Agitation and protest are manifest in the courageous acts and everyday activism that undergird many of the storylines running through the exhibition. As we approach the 2020 presidential election, among the urgent issues still driving political debate are voting rights, immigrant rights, gender bias, access to reproductive health care, essential services, and institutional racism, many of which encourage a reevaluation of what it means to be “American.” In the photography series Here We Are, Donna Bassin invited women to collaborate on portraits that represent individual experiences that insist on agency in the face of our crisis of democracy and constitutional law. The drawings of Shellyne Rodriguez, many of which were made during the COVID-19 pandemic, depict psychic spaces inhabited by Bronx community members engaged in strategies of survival, the labor of “essential work,” and organized activism. Through digital downloads of political art and graphics created in partnership with Don’t Shoot Portland and Black Lives Matter Greater NY, Ameya Okamoto’s work lives at the intersection of art and social justice. For the exhibition, she is creating digital prints centered on her Asian heritage, colonization, and women’s labor.

Accompanied by activist resources, Katrina Majkut’s text-based cross-stitch kits bring awareness to both voter equality and reproductive rights. Also rooted in a history of traditional craft practices, Zoë Buckman’s politically-charged, readymade sculptures with embroidered details respond to the ongoing attacks on Planned Parenthood, access to reproductive health care, and the right to choose. The efficacy of activism, endurance and debate as changemaking tools is captured in the documentary footage of Alicia Grullón’s 2016 reenactment of Senator Wendy Davis’ 13-hour filibuster to deny anti-abortion legislation.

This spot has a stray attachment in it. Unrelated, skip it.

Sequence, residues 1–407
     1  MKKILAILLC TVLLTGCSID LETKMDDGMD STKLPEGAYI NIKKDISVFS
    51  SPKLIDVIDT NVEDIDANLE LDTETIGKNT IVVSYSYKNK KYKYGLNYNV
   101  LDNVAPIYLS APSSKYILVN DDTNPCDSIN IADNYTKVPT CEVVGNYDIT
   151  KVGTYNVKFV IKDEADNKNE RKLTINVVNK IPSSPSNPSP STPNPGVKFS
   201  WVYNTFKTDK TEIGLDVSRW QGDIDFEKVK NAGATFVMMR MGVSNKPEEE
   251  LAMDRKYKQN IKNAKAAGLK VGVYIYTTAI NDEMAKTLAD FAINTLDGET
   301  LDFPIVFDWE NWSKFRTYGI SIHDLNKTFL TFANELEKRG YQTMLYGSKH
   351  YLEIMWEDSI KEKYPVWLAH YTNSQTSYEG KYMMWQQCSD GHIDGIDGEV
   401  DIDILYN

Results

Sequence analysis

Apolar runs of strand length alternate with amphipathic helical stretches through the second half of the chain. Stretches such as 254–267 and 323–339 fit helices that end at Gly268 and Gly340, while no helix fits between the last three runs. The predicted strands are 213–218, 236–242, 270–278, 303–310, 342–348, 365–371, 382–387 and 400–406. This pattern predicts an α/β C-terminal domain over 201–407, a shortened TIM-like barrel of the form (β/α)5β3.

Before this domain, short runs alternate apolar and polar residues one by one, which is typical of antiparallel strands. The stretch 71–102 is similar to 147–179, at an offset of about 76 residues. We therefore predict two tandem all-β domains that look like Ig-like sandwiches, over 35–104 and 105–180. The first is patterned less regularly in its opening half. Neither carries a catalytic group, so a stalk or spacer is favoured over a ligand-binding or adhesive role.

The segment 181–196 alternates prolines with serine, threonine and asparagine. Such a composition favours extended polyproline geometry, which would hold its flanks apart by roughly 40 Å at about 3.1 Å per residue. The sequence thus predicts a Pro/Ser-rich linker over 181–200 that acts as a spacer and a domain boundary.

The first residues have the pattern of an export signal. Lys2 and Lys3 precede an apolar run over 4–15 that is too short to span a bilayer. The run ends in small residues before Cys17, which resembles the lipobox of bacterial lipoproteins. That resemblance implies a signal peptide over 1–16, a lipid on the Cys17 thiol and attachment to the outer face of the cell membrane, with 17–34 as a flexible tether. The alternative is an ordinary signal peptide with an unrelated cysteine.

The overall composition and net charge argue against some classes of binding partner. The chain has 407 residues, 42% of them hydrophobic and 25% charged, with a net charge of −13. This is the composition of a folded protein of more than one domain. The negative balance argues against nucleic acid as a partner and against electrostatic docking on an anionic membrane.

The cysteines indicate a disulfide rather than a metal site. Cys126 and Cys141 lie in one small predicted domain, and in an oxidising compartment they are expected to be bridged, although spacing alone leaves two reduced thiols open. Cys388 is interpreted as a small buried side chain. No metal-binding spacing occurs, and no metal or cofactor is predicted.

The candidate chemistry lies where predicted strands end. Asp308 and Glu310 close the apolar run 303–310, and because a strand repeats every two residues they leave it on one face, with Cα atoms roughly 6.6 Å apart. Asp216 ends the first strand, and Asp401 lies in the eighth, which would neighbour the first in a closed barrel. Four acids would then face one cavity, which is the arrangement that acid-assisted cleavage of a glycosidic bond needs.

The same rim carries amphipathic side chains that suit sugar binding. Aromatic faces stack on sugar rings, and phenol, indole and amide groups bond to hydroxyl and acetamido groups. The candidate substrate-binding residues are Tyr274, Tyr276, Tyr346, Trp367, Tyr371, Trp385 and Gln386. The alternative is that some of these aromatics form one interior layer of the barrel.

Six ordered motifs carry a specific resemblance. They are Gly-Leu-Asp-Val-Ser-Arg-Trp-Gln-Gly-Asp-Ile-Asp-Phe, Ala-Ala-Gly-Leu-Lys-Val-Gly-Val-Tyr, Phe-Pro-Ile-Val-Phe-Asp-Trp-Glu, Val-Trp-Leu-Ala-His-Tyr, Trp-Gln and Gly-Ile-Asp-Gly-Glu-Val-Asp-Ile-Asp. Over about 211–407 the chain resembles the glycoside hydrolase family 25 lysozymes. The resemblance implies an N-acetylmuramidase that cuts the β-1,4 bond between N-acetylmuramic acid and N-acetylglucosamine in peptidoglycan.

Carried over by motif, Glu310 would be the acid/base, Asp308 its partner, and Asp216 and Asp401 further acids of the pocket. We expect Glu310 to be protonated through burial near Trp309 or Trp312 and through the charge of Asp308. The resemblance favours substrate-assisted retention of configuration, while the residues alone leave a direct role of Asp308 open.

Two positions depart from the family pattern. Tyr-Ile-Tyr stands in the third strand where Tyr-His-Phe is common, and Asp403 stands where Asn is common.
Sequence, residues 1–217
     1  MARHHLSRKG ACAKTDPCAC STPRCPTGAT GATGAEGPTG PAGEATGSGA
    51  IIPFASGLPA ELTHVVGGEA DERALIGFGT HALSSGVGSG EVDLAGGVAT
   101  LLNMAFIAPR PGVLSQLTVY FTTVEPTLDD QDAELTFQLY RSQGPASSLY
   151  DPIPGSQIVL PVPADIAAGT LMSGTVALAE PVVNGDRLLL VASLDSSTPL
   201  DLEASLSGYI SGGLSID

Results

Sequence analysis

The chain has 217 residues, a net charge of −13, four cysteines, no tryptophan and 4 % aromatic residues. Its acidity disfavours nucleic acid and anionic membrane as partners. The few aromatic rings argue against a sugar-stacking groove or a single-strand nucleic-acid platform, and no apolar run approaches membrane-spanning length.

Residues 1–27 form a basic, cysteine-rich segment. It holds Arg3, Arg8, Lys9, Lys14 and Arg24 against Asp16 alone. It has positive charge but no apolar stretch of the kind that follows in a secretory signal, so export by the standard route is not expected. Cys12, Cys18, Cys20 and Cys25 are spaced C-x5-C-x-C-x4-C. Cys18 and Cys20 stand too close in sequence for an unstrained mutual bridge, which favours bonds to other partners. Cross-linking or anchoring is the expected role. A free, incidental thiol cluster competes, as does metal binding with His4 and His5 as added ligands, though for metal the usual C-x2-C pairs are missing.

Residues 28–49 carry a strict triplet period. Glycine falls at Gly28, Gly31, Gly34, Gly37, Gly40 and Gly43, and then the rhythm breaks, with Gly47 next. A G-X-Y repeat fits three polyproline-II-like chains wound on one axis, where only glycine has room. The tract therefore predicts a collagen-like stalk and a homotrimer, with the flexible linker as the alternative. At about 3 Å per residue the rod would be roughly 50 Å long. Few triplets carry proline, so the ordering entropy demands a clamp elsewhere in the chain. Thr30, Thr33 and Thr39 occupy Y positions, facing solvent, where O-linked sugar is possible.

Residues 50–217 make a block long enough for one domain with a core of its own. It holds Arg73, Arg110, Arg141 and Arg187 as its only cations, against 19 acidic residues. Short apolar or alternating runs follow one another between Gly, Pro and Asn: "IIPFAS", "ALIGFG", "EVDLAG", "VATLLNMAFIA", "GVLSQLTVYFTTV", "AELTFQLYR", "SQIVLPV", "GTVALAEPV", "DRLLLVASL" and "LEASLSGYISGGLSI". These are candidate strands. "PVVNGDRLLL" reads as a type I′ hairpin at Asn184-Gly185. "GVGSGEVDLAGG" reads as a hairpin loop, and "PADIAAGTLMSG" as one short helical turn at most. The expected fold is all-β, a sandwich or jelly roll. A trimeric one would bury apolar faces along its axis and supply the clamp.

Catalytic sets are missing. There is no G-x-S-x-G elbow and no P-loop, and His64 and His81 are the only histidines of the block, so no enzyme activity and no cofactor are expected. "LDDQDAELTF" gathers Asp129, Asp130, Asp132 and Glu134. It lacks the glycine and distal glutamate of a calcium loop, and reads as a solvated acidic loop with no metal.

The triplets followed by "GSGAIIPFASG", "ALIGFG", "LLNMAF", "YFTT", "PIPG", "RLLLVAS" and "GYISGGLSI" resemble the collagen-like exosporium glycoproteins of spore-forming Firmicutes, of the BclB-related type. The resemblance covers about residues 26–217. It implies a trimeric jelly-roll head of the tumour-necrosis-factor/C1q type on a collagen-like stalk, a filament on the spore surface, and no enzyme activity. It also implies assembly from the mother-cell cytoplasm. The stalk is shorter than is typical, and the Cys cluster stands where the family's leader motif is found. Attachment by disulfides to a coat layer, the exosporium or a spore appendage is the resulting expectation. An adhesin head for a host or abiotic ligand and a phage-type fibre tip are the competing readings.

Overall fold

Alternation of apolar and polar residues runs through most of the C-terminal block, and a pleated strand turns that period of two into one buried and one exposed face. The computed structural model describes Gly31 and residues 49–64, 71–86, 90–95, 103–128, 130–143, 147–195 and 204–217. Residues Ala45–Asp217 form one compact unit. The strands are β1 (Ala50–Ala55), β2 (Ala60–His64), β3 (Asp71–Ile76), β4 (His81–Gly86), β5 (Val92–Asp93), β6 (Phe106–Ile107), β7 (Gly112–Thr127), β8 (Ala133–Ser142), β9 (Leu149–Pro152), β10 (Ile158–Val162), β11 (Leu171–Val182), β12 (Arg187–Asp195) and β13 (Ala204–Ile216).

The advances of birth control and gynecological oncology are inexorably linked to a history of scientific experimentation intertwined with eugenics and colonialism. In the video installation Un día como hoy (A day like today), Natalia Almonte shares her grandmother’s story to shed light on the U.S. exploitation of Puerto Rican women for nonconsensual and hazardous clinical trials of the first U.S. birth control pill in the 1950s. In July, Planned Parenthood of Greater New York announced the removal of Margaret Sanger, the legendary American birth control activist, from their Manhattan clinic’s name, due to her support of eugenics. Debora Hirsch and Iaia Filiberti elaborate on racism in medicine through the story of Henrietta Lacks, an African American woman whose line of cancer cells were obtained without her knowledge, in an installation of scientific papers that suppress the provenance of Lacks’ “immortal cells.”